After the tragedy at the Uvalde’s Robb Elementary School that left at least 19 children dead, the importance of mental health resources in schools is more pressing than ever.
School counselors are meant to serve as a saving grace for individuals who struggle with mental health. But in today’s world, counselors are overwhelmed juggling multiple projects, with little to no budget to hire help, and the bulk of importance is now placed on test scores rather than aiding those with mental instabilities, according to Jan Friese, executive director of the Texas Counseling Association.
These problems have not gone unnoticed by many school counselors, but they have gone unfixed by state leaders, he said in an interview with KSAT 12.
Counselors need “time to work with students, or they need administrative support,” said Friese.
“As school counselors, we have a job not only with emotional counseling but career counseling and school counseling. We try to provide all those services to our students, but we aren’t given time to do that because we are put in charge of testing, for example, then we can’t provide the services we know our students need,” said Friese.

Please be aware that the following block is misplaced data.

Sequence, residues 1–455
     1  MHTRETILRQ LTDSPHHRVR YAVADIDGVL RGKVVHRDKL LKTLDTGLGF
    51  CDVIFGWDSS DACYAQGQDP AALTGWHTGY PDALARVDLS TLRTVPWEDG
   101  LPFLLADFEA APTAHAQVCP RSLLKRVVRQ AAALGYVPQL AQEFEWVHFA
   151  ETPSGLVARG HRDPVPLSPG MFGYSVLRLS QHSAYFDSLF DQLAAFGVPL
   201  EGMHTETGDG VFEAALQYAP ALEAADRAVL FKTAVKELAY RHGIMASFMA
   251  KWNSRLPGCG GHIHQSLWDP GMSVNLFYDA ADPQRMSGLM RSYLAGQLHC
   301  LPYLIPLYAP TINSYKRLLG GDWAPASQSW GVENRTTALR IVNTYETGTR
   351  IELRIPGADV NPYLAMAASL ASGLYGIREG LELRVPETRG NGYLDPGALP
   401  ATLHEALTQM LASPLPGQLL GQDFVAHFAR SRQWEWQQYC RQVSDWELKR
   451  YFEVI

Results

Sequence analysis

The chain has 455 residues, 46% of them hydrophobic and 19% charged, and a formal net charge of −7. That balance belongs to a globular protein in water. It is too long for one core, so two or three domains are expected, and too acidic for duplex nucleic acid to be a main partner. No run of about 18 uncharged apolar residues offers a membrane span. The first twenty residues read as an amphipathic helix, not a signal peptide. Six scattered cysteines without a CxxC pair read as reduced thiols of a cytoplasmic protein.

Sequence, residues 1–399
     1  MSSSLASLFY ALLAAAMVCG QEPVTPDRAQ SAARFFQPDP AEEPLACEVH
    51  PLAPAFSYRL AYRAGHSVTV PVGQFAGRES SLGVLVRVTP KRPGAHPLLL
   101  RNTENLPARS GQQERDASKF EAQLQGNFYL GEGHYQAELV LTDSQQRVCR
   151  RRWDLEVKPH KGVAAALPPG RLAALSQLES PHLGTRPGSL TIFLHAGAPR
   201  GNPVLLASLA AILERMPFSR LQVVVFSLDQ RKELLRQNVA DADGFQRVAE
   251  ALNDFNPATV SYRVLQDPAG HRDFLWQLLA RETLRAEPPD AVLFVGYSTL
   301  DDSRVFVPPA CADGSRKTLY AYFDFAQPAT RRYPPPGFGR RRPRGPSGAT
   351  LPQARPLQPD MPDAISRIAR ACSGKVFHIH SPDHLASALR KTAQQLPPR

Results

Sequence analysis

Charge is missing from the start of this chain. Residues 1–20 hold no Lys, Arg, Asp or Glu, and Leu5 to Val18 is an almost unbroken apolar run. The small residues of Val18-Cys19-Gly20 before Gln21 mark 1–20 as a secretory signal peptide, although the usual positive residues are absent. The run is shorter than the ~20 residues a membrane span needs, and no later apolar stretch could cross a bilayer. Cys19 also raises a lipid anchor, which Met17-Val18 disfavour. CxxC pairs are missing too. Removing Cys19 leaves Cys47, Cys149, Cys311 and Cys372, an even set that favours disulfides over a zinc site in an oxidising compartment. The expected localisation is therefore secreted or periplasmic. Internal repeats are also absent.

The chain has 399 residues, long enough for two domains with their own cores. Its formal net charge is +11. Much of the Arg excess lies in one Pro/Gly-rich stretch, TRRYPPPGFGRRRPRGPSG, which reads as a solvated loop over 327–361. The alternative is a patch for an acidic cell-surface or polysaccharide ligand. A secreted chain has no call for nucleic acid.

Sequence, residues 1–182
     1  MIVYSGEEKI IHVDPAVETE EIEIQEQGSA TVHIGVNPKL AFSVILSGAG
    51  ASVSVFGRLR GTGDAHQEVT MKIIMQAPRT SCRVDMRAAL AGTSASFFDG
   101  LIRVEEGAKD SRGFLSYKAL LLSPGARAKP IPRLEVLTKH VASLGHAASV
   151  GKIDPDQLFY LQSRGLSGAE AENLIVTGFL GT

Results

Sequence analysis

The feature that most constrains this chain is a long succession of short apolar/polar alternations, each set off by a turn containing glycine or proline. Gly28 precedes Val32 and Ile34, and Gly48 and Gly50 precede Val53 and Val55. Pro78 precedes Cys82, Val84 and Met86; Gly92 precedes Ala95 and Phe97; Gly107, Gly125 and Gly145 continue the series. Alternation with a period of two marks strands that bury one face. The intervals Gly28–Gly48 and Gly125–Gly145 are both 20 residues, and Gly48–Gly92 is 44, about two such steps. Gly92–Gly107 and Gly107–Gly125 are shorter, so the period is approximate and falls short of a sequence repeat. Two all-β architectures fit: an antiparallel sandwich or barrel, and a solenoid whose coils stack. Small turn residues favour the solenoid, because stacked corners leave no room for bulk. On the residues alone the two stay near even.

State lawmakers attempted to add support in the last legislative session by “passing SB 179 by Sen. Lucio and Rep. Dan Huberty, giving school counselors more time to focus on what they are trained to do — counsel students — and reducing the time they spend on administrative duties, such as overseeing standardized testing,” according to Texans Care for Children, a nonprofit that lobbies for support services for kids.
But the bill was a drop in the bucket, the nonprofit said.
“There was a lot of talk about the impact of the pandemic on student mental health, yet the Legislature did little to ensure schools are prepared to respond to the effects of trauma and grief on student learning and behavior,” the group wrote in their post-legislative report last year. “Despite [some] positive steps, the Legislature largely fell short of ensuring that schools are equipped to support students’ mental health.”
And COVID didn’t help, Friese said.
“Because of the academic decline, mental health was pushed to the side, but we know that because of Covid, anxiety was increased, and so at a time when those kids needed those mental health services the most, testing became the priority instead of mental health in a lot of school districts within Texas,” says Friese.
In terms of funding, it’s different for every district in Texas.
According to Friese, “funds are given to the school districts [by the state Legislature], and they decide how the funds are allotted.”
Texas ranks 44th nationally in per-student funding average for K-12, according to the Education Data Initiative.
Counselors in Texas school districts normally don’t receive enough funds to hire supportive assistance, nor do they receive the national recommendation of one counselor for every 250 students, he said.
“I don’t know any district or school in the Texas School Counseling Center that has that ratio; we have tried to get the ratio bill into law but have been unsuccessful so far,” said Friese.